Samsung is in the business of making OLED panels for smartphones of all OEMs across the globe but it stands to reason that it will reserve the best hardware for its own devices. The Galaxy S22+ has a 6.6-inch Dynamic AMOLED panel while the regular S22 measures 6.1-inches. As compared to last year’s S21 series, both phones are 0.1-inch shorter but that’s about all the difference there is. There’s really nothing more visually appealing than an S series display and every year the South Korean giant keeps up to its reputation. The panel is FHD+ in resolution, as opposed to QHD+ which is privy only to the Ultra model, and offers up to 120Hz refresh rate. Both devices can oscillate between 48Hz to full 120Hz depending on the supported apps. There is HDR10+ certification on the device and both Netflix and Amazon Prime can display their OTT content in full HDR glory.
The viewing angles are excellent with deep blacks accentuating the vibrant colour profiles that make browsing and watching anything a visual pleasure. Average brightness levels on both devices are somewhere around 650 nits but peak brightness can touch a whopping 1,700 nits on the S22+ and 1,350 nits on the S22, making the panels great under even severe sunlight. There are a plethora of display customisation options available for you to peruse including six different ways to arrange the colour palette, adding high contrast themes, colour inversion toggle, and more. The high refresh rate enables silky smooth usage with no jitters or lags and the super symmetrical bezels all along with the panel just add that touch of extra refinement expected from a high-end flagship like the Galaxy S22 lineup. In short, the S22 and S22+ provide the best viewing experience that is possible in the high-end smartphone world.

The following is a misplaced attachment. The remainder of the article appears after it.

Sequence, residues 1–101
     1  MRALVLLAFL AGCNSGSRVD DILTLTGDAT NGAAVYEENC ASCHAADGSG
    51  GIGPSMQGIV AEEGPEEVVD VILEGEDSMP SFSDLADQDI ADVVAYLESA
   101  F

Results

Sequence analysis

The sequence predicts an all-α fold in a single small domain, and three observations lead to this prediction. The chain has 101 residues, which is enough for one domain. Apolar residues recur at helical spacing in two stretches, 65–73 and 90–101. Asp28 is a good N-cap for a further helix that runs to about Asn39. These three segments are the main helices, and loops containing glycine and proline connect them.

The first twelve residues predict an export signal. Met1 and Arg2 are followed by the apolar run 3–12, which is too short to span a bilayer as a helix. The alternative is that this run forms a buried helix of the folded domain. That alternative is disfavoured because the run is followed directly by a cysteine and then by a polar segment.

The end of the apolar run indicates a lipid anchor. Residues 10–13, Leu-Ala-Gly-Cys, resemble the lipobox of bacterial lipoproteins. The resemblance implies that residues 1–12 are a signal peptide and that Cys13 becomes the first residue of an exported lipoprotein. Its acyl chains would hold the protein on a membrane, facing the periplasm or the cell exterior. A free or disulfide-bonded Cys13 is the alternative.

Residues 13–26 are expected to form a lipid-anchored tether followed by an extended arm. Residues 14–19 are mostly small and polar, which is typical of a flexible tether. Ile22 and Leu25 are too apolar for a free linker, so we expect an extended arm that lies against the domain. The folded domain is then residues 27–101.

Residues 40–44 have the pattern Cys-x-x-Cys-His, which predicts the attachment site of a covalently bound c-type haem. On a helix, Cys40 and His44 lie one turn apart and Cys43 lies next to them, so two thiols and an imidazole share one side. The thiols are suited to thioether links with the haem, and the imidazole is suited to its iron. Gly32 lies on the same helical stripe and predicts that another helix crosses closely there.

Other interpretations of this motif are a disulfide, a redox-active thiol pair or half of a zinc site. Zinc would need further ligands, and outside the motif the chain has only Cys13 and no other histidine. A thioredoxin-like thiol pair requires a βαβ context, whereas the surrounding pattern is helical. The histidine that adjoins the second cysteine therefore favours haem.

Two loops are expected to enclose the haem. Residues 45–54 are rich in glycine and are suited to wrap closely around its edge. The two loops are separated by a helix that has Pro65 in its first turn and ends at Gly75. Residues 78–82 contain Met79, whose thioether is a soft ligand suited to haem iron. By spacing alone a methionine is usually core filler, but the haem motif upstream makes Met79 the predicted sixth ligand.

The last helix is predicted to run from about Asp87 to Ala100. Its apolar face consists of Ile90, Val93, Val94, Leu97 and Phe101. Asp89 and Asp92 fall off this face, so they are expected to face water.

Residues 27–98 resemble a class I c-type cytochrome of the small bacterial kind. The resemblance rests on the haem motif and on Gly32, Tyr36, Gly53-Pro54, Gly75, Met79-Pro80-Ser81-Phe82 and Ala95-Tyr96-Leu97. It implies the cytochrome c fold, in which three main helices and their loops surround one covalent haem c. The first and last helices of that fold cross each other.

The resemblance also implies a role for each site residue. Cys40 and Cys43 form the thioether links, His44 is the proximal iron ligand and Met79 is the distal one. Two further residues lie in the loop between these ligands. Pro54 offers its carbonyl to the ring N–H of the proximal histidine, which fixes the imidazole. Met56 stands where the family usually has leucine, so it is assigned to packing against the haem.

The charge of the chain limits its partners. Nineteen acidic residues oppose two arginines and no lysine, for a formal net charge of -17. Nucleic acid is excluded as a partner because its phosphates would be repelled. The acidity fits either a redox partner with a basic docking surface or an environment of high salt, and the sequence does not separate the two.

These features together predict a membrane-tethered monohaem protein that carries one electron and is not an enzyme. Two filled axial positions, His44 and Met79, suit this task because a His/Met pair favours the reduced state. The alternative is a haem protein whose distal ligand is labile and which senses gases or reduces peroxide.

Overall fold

In terms of rivals, Samsung mainly competes with Apple when it comes to flagship-level image-taking prowess. Flagships from the likes of Vivo, OPPO, OnePlus, and Xiaomi are in contention too of course. The Galaxy S22 Plus and S22 have an identical camera setup which includes a 50MP primary shooter, 12MP ultra-wide sensor, and 10MP telephoto lens with 3X optical zoom. Housed in the hole punch up top is a 10MP selfie camera. I have a lot to say about the S22’s photo-taking capabilities so let’s start first with daylight photography, which is one of its strongest suits.
High detailing and super-wide dynamic range with a tinge of saturation to colours make up most of the images. The crispness in the photos along with superb edge detection is evident in shots captured even in challenging scenarios. Auto HDR does make subtle enhancements to the shots, most notably when more of the shadowy areas are exposed for better detail. Overprocessing is negligible with sharp focus metered across the frame in good lighting conditions. The S22 phones lack the laser autofocus present in the Ultra model but still offer extremely fast autofocus speeds, although the shutter lag is slightly noticeable. I clicked a few fast-moving objects in front of me and got the subject in focus most of the time, but noticed some blur in a few scenarios. The pictures are 12.5MP pixel binned shots but you can use the full 50MP might of the primary sensor for a better dynamic range and a much larger crop-in area. Portrait mode works best only at 3X zoom which is a bummer since I have to stand a lot farther from the subject. However, the end result is gratifying enough for me.
Other camera features on the device include a scene optimiser which works more or less like Samsung’s counterparts by robbing the image of its natural colours. There is also a tracking auto-focus toggle in the settings menu that promises to keep a subject in focus even if it is moving, but the results can be slightly iffy. A bevvy of filters is also included to add more gravitas to the shots and appease social media buffs. The ultra-wide sensor offers sharp focus and minimal overprocessing across the frame. Edges are slightly warped but the colour temperatures are maintained to a very high degree as compared to the primary lens. Worth mentioning that the sensor does not have integrated macro shooting capabilities like a few other phones in the segment. The 3X telephoto shooter captures great shots with sharp focus and minimal oversharpening of details. However, its functionality does diminish slightly as the lighting gets poor.